Pandemic Report Part 3: How can caregivers help struggling teens bounce back?
As our pandemic report uncovered, caregiver concerns rose disproportionately for teenagers over the pandemic—and problems persist.
In the third and final part of our 3-part blog series, we’ll examine the conclusions of our Pandemic Report: Inside Teens’ Lingering Mental Health Struggles and How Parents Can Help. How can parents and caregivers help struggling teens bounce back from the pandemic?
Psychologist and developmental specialist Dr. Jill Arnold Goldberg and other child experts offer five practical support strategies for parents and caregivers. Many of these can be applied other parenting situations.
- Practice good self-care
Children see their parents’ and caregivers’ healthy behavior. Taking breaks from work, exercising or practicing mindfulness can influence a child to develop these positive habits as well.
- Be consistent
Kids see unhealthy behavior as well, and teens have no problem calling out their caregivers as hypocrites. For example, if you want your teen to get off their phone, it’s easier if you put yours down as well.
- Spend quiet time with your teen
When kids struggle, caregivers are often tempted to pepper them with questions. Caregivers are concerned and want to understand what’s going on. But often, caregivers can learn more about teens simply by spending some quiet time together.
- Be the squeaky wheel
It can be incredibly difficult to find mental health resources for your child—especially these days. Caregivers stuck on one or several waitlists can give clinicians gentle reminder calls. This will keep your child’s needs top of mind.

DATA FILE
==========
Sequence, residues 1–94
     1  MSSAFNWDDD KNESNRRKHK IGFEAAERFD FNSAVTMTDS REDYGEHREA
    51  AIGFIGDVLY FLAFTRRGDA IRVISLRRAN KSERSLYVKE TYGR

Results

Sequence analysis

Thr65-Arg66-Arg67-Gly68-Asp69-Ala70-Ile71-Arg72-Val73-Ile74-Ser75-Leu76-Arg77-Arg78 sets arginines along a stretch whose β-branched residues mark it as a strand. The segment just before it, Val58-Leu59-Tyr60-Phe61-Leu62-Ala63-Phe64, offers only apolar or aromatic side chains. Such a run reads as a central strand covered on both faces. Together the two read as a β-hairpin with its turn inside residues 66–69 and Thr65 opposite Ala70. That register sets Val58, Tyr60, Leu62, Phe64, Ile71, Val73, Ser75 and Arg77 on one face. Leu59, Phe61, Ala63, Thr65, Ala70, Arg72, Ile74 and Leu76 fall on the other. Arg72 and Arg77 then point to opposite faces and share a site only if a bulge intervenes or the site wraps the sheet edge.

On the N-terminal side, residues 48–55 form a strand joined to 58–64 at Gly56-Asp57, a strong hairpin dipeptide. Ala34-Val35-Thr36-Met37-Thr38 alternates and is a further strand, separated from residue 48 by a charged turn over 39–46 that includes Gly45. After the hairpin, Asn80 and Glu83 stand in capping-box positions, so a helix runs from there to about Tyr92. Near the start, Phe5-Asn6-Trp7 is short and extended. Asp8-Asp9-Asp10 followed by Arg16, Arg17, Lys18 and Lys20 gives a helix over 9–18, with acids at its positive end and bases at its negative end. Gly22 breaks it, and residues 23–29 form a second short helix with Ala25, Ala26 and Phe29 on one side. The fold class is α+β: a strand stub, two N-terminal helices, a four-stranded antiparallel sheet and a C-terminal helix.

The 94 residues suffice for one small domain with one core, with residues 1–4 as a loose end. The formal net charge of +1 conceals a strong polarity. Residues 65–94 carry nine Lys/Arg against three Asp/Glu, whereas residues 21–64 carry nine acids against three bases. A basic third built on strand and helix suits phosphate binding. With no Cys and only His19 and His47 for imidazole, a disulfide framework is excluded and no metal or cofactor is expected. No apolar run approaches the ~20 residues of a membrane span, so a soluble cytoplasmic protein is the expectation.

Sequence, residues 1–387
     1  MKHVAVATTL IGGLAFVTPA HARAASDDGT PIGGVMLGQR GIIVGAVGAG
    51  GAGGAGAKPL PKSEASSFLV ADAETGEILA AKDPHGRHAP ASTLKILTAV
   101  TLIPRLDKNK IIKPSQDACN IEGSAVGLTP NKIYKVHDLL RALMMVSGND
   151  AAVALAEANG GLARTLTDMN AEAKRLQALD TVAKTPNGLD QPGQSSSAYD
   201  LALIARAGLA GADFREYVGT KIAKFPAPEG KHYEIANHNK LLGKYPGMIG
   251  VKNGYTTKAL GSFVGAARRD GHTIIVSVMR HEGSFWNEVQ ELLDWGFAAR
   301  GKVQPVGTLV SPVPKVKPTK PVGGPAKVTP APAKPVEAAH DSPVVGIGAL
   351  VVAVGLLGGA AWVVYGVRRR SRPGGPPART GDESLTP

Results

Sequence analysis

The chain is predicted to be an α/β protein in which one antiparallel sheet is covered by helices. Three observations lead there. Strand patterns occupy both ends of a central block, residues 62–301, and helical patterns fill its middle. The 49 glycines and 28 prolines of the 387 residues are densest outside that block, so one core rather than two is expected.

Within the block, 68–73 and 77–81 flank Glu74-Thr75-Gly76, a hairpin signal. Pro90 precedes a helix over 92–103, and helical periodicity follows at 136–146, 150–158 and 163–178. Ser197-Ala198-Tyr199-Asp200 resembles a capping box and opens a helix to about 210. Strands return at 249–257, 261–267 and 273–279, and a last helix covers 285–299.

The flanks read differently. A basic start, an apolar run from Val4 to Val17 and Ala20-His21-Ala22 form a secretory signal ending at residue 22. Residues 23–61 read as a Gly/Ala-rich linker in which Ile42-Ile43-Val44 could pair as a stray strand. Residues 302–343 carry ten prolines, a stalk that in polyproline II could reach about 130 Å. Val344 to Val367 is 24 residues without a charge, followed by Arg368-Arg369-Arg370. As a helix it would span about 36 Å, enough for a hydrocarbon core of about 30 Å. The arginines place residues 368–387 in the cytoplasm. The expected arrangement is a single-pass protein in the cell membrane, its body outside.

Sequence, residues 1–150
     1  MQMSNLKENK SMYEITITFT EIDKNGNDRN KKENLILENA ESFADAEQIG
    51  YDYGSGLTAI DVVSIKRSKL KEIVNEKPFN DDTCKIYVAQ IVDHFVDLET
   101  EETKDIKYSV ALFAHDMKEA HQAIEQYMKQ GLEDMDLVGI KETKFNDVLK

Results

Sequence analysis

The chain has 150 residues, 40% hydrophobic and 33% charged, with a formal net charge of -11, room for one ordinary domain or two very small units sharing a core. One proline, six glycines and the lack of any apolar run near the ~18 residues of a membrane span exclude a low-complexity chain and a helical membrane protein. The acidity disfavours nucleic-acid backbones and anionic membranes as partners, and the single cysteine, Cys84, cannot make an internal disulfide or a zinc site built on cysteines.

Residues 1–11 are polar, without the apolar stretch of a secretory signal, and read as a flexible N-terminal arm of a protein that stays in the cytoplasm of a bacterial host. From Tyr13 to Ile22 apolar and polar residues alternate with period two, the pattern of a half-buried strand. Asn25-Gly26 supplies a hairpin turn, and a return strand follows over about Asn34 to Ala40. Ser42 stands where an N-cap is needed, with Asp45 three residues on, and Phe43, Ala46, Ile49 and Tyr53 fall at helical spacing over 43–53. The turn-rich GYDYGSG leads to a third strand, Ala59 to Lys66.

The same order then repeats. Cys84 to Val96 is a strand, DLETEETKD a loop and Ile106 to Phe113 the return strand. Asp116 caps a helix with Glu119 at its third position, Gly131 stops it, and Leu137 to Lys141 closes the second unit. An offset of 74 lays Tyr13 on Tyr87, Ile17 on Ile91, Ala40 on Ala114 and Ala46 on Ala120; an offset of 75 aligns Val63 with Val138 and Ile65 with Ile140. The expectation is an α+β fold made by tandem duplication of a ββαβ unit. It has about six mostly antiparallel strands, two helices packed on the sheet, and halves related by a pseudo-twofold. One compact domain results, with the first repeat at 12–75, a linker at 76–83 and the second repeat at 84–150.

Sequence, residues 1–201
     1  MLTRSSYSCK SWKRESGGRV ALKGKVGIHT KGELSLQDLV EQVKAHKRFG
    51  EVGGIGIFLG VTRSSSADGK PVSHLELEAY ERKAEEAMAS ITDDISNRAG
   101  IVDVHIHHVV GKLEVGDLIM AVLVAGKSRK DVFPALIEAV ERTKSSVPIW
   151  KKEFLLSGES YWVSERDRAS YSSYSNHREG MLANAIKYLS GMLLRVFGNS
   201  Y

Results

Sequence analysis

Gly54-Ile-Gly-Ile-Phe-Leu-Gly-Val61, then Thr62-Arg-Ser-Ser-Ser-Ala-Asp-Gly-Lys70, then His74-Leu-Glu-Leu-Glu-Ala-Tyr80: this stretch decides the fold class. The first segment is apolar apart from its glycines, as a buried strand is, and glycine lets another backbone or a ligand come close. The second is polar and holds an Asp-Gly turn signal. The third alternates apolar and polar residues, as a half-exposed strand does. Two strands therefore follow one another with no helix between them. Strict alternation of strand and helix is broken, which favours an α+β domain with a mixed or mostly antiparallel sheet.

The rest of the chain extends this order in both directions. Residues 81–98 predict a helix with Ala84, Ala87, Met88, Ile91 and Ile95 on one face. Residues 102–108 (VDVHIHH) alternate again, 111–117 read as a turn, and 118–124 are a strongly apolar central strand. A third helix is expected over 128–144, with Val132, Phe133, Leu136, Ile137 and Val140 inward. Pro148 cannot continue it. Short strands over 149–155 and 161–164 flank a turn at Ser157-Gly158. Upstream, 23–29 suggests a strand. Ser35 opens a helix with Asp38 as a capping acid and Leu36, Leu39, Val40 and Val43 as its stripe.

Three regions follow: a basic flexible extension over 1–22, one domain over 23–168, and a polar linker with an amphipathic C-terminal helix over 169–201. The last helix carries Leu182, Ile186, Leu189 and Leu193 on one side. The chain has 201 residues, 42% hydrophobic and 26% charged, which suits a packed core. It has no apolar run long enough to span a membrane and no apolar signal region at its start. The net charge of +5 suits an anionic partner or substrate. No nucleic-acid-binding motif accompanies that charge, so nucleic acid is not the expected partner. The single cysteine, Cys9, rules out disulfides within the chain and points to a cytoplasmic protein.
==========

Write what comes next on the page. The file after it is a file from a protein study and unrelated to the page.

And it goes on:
- Advocate for more wellness curricula in schools
As Dr. Goldberg Arnold say, “If 25 percent of the population is anxious, there aren’t enough therapists to go around.” The pandemic demonstrated the critical role schools can play in mental health maintenance.
School isn’t just a place for teens to learn and socialize with friends. It’s a place where students can develop healthy behaviors and a place where teachers can informally screen for emerging mental health issues. Schools can take an even more active role in preventative mental health by including wellness in the curriculum.
A Silver Lining
Though the pandemic has caused many challenges and much stress, Dr. Goldberg Arnold does see a silver lining for children.
One of the top challenges she helps children overcome is rigid thinking. To her surprise, she’s discovered the pandemic has helped children become more flexible and more resilient.
This makes sense. The pandemic taught children that there are some things their parents can’t change or fix. With no other choice available, kids adapted. Teen research conducted by the John Hopkins Bloomberg School of Public Health uncovered similar results.
Both Dr Goldberg Arnold and the Torchlight team believe these children have the potential to carry that flexibility into adulthood. The result could be a more resilient generation—and one that passes those same lessons onto their children.
Want to learn more about teens and the pandemic? Download Pandemic Report: Inside Teens’ Lingering Mental Health Struggles and How Parents Can Help here.